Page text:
Day 17: It started out raining today, so we didn't go out and about. Instead, we just stayed put in our cottage, took walks around the local French countryside during breaks in the weather, caught up on some vacation reading, and did some final laundry in preparation for our return travels to get home.
Day 18: Now we are really starting to wind down and look forward to heading back. We had planned on a three week trip to make the most of the time, effort and cost of flying to Europe, but three weeks is also about our limit for being away from the comforts and routines of home. Our main activity today was a short drive to Beynac-et-Cazenac and a tour of the castle along with the now usual great views of the adjacent river valley.
We also stopped at an 'archaeological park' that was supposedly a recreation of a Stone Age village but the sign on the gate indicated that it didn't open until the first of July so all we saw was the wooden palisade enclosure, so we simply walked the streets of the town and watched a momma duck and her hatchlings swim in the river.
Days 19-22: Although we technically have four days left on this vacation it has, for all practical purposes, come to an end now. We'll need to spend a day getting organized and repacked (along with just savoring our last quiet day in the French countryside), a day to drive to Toulouse and fly back to Gatwick, another day to fly to L.A., and a final day to get from L.A. back to Tucson. I suppose we could have tried to squeeze all that activity into one or two days' less time, but we have learned from multiple previous trips that the stress of rushing through travels and trying to make tight connections simply isn't worth it.
Just a few observations about our various flights and other travel arrangements. Our major booking, L.A. to Gatwick and back was on Norwegian Air. This is a relatively new low-cost airline. Indeed our round-trip tickets were only a little over $900 each including baggage, meals, and seat selection, all of which cost extra. We managed to get bulkhead seats with extra leg room, but they were a bit on the narrow side. Still it was all relatively comfortable and the fact that each seat had its own entertainment screen with multiple options helped pass the time. A word on service is in order, though. Unlike on most airlines, the cabin crew does not walk the aisles taking orders or even collecting trash. Unless you have pre-ordered meals (those will be brought to you at the appropriate time) you place your orders through your entertainment screen and they will be brought to you shortly. Otherwise you're on your own meaning that you should bring your own water and snacks (we did) or be prepared to wait and pay for them. Still, all in all, it was as good a coach flight experience as can be had on a trans-Atlantic flight these days, and the cost was certainly a plus.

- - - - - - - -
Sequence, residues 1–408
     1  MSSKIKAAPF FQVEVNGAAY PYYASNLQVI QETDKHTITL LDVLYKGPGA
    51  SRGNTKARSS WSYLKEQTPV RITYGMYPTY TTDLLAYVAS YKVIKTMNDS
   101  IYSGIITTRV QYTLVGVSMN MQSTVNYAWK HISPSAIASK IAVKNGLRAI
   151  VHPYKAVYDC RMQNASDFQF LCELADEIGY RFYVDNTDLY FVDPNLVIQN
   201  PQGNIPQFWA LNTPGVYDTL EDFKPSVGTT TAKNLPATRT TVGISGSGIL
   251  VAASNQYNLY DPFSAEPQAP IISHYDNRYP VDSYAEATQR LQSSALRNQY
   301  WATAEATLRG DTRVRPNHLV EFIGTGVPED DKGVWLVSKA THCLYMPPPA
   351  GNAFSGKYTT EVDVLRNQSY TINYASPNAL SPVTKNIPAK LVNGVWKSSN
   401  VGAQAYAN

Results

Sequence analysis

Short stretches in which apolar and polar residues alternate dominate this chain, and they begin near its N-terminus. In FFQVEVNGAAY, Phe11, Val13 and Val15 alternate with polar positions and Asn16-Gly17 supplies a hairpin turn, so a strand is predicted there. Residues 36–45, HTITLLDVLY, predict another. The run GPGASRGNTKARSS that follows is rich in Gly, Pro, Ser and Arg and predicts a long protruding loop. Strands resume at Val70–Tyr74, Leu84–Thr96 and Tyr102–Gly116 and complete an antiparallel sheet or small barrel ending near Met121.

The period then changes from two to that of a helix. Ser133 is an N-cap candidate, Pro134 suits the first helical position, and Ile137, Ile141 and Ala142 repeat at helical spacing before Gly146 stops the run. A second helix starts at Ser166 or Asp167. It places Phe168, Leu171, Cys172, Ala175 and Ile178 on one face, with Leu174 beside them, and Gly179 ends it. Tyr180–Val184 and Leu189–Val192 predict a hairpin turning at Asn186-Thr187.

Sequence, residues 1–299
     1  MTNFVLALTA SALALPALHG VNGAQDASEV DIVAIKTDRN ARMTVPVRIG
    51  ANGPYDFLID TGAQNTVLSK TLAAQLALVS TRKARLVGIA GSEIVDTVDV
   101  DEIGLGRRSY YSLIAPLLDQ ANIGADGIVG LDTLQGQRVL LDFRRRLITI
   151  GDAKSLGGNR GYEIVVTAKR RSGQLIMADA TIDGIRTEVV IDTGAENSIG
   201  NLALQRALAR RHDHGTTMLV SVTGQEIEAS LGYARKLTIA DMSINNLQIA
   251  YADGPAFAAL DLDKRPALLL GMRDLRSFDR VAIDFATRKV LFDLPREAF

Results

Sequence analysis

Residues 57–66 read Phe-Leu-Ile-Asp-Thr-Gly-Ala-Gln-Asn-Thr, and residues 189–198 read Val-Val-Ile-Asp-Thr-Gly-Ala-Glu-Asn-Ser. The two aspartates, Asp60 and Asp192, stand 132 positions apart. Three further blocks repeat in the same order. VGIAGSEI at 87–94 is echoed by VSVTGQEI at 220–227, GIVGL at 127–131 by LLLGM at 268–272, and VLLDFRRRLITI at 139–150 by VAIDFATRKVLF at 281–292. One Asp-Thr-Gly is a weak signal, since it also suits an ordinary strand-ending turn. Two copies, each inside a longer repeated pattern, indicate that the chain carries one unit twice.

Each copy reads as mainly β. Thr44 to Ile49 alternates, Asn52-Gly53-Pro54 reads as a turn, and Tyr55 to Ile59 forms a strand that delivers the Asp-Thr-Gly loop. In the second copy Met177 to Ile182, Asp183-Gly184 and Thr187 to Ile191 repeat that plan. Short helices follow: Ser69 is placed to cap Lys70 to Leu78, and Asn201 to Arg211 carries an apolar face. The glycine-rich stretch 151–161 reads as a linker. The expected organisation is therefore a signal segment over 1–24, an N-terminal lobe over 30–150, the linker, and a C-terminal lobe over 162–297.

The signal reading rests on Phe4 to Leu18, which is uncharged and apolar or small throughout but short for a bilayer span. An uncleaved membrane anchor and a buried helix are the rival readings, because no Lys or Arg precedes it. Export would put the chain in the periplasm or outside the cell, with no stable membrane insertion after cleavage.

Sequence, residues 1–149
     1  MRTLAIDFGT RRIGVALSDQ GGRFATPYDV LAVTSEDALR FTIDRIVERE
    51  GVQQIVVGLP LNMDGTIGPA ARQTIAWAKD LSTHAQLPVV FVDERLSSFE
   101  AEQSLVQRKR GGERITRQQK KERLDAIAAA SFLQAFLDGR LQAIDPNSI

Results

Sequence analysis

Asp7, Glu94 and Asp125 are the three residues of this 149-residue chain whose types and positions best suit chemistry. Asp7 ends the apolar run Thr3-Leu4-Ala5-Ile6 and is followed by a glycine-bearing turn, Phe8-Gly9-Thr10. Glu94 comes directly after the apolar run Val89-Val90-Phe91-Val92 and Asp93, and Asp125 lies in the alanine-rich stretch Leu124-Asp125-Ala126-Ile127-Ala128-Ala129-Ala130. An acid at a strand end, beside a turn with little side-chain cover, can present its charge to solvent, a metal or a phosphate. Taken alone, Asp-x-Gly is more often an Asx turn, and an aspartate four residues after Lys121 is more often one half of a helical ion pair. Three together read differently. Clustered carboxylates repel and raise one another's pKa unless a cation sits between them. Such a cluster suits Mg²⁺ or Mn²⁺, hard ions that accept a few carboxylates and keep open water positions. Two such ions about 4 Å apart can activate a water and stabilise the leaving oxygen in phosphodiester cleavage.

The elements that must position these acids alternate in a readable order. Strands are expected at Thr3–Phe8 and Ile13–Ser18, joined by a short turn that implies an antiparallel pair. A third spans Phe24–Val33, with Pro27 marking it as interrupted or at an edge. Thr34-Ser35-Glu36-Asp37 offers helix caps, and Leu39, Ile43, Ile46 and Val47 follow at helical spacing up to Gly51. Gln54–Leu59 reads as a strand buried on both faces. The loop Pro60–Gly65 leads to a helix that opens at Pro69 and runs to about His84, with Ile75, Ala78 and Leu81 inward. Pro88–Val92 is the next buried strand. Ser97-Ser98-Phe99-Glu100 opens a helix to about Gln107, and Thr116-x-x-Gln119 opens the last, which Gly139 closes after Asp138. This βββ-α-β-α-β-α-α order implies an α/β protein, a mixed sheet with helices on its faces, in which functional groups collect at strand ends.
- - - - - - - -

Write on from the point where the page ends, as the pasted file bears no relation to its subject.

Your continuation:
Our other flights, Southwest between Tucson and L.A. and easyJet between Gatwick and Toulouse were also good values and pleasant enough. We did stand in a long line checking in for our flight back from Toulouse to Gatwick, but that turned out to be our own fault. There is more of a class system in Europe than we're used to and in fact the tickets that we had purchased, with baggage and seat assignments, entitled us to use the premier class (very short) lines. One line we gladly skipped was US customs and immigration on the way home. We got to bypass this because we had taken the time, effort and expense to sign up for the Global Online Enrollment System that lets you go to a self-service kiosk rather than wait in line for an agent. It also gives you access to TSA Pre-Check on domestic flights.